By Matthew Rothschild on January 22, 2013

I was impressed with the Inaugural poem by Richard Blanco. In "One Today," he stressed what unites us a nation, starting with the "one sun" rising at dawn to its setting in the "plum blush of dusk," describing the "one ground" we live on, the "one wind" in the air, the "one sky" above us, and the "one moon/like a silent drum tapping on every rooftop/and every window, of one country."

This is the unum of e pluribus, so fitting for the occasion.

But what moved me beyond the appropriate and the poetic was Blanco's insertion of the personal.

In his description of the dignity of work people do "to clean tables, read ledgers, or save lives -- /to teach geometry," he added: "or ring up groceries as my mother did for twenty years, so I could write this poem." Two stanzas later, describing the hands of hardworking people, he added: "hands as worn as my father's cutting sugarcane/so my brother and I could have books and shoes."

This brought home the reality of striving and sacrificing that so many Americans experience.

And then, in a touching moment, he brought his parents back toward the end: "praising a mother/who knew how to give, or forgiving a father/who couldn't give what you wanted." (He also waved at "a love that loves you back," which was a delicate reference to his being gay.)

There was another touching moment, but it may have gone too far. And that was when he invoked the victims of Sandy Hook elementary, citing "the empty desks of twenty children marked absent/today, and forever." It was a jarring reminder of that awful tragedy, and it pinned the poem so closely to this one event that it jeopardized the spirit and the durability of the poem. Also, the expression "marked absent" often carries a negative connotation toward the pupil who is absent, which he obviously didn't want here.

One other captious note: When he said, "Breathe," and elongated his expression, I though he brought unnecessary attention to a meditation practice, and for those unfamiliar with it, the expression might have seemed odd.

I did love, though, his flash of beauty when, after describing cabs and buses and subways, he spied "the unexpected song bird on your clothes line."

And I loved his ending, with all of us heading home after the hard day's work:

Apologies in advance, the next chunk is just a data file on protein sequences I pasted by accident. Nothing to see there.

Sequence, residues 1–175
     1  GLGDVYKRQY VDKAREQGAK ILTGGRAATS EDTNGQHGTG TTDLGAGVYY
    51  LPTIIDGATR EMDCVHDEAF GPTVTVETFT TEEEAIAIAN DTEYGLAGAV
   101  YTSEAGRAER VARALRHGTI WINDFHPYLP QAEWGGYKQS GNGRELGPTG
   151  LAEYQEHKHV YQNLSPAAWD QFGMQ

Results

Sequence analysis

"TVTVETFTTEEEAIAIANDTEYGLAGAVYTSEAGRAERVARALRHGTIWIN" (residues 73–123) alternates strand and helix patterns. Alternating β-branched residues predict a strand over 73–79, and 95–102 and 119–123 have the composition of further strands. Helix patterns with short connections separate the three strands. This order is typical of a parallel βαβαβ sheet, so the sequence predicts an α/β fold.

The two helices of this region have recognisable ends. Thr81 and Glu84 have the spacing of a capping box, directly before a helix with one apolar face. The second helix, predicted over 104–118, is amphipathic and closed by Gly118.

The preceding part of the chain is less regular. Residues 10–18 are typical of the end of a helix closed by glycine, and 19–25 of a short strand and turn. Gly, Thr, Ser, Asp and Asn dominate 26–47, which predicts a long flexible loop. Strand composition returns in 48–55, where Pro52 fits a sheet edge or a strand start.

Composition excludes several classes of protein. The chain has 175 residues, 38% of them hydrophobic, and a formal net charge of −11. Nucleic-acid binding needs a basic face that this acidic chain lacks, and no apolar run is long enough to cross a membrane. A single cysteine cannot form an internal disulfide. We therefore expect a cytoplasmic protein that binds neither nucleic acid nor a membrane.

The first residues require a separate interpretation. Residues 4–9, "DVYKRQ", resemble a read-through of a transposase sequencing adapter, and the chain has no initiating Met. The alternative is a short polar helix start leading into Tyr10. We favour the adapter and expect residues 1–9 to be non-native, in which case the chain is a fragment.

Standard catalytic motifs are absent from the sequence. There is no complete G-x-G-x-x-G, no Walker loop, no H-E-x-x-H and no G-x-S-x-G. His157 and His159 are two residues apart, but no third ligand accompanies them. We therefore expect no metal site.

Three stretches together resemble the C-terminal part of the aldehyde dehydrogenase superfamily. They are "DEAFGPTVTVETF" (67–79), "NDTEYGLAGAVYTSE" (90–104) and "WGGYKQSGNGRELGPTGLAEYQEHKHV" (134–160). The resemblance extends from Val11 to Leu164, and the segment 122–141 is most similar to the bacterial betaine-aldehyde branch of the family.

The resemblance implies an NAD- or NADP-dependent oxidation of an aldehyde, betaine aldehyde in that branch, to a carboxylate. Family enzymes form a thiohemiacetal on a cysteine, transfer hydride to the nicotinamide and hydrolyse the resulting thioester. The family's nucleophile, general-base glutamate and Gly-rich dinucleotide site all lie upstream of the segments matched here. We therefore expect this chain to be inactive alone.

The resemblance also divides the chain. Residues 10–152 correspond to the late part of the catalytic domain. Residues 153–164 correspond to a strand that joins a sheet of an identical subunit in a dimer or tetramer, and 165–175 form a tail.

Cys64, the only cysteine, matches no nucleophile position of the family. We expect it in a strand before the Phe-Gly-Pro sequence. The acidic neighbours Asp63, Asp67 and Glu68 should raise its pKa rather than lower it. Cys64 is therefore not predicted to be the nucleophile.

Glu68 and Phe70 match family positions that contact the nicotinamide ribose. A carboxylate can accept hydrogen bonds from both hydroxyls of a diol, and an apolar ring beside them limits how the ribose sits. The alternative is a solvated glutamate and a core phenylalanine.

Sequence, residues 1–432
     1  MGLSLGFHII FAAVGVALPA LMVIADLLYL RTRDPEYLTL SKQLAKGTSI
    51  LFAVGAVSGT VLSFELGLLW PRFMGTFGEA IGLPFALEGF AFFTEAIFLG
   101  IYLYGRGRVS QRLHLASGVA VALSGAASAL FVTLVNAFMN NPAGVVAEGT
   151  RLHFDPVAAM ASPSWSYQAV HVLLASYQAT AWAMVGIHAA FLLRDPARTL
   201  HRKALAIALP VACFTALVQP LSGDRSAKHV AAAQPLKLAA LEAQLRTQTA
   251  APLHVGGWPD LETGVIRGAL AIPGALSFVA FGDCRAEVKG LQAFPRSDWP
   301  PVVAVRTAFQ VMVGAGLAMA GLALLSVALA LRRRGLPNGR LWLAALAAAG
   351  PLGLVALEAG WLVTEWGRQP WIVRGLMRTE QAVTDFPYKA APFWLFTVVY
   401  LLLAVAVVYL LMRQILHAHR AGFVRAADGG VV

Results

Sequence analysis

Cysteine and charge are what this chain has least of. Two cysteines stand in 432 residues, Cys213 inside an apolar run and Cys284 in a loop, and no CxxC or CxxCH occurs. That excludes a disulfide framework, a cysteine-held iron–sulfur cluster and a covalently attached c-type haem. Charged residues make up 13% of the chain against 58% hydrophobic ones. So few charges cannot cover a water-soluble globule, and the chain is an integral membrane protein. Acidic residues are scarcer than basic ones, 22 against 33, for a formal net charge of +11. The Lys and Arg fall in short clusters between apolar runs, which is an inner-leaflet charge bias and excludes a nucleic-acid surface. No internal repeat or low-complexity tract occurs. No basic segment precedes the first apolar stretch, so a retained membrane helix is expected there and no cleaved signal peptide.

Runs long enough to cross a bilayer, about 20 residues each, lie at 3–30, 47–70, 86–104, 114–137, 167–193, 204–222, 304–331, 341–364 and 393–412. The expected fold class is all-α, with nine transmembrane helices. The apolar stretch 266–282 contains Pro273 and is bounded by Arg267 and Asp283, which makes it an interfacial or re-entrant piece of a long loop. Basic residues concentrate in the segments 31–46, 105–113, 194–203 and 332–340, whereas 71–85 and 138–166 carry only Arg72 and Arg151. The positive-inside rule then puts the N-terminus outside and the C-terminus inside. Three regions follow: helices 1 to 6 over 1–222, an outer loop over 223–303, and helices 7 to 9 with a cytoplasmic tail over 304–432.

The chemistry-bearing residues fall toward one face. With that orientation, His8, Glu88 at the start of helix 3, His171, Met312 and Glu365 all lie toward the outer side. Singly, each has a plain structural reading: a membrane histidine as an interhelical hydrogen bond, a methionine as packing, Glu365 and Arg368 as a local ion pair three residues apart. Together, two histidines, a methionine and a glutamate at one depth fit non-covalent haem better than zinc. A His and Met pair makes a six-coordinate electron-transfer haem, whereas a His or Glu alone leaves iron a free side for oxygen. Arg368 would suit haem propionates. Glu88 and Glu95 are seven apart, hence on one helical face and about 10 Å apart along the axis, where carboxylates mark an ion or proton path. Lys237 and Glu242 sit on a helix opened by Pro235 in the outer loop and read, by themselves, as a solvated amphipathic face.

"facing the stars/hope -- a new constellation/waiting for us to map it,/ waiting for us to name it -- together."

The reintroduction of Pres. Obama's initial theme of "hope," mingling with the echo of Adrienne Rich's insistence that we map our own new world, was stellar in its own right.

If you liked this story by Matthew Rothschild, the editor of The Progressive magazine, check out his story "Obama in the Shadow of Martin Luther King."

Follow Matthew Rothschild @mattrothschild on Twitter.

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By Wendell Berry

Manifesto: The Mad Farmer Liberation Front

Love the quick profit, the annual raise,
vacation with pay. Want more 
of everything ready made. Be afraid 
to know your neighbors and to die.
And you will have a window in your head.
Not even your future will be a mystery 
any more. Your mind will be punched in a card 
and shut away in a little drawer.
When they want you to buy something 
they will call you. When they want you
to die for profit they will let you know. 
So, friends, every day do something
that won’t compute. Love the Lord. 
Love the world. Work for nothing. 
Take all that you have and be poor.
Love someone who does not deserve it. 
Denounce the government and embrace 
the flag. Hope to live in that free 
republic for which it stands. 
Give your approval to all you cannot
understand. Praise ignorance, for what man 
has not encountered he has not destroyed.
Ask the questions that have no answers. 
Invest in the millennium. Plant sequoias.
Say that your main crop is the forest
that you did not plant,
that you will not live to harvest.


Say that the leaves are harvested 
when they have rotted into the mold.
Call that profit. Prophesy such returns.
Put your faith in the two inches of humus 
that will build under the trees
every thousand years.
Listen to carrion—put your ear
close, and hear the faint chattering
of the songs that are to come. 
Expect the end of the world. Laugh. 
Laughter is immeasurable. Be joyful
though you have considered all the facts. 
So long as women do not go cheap 
for power, please women more than men.
Ask yourself: Will this satisfy 
a woman satisfied to bear a child?
Will this disturb the sleep 
of a woman near to giving birth? 
Go with your love to the fields.
Lie easy in the shade. Rest your head 
in her lap. Swear allegiance 
to what is nighest your thoughts.
As soon as the generals and the politicos 
can predict the motions of your mind, 
lose it. Leave it as a sign 
to mark the false trail, the way 
you didn’t go. Be like the fox 
who makes more tracks than necessary, 
some in the wrong direction.
Practice resurrection.

Wendell Berry is a poet, farmer, and environmentalist in Kentucky. This poem, first published in 1973, is reprinted by permission of the author and appears in his “New Collected Poems” (Counterpoint).


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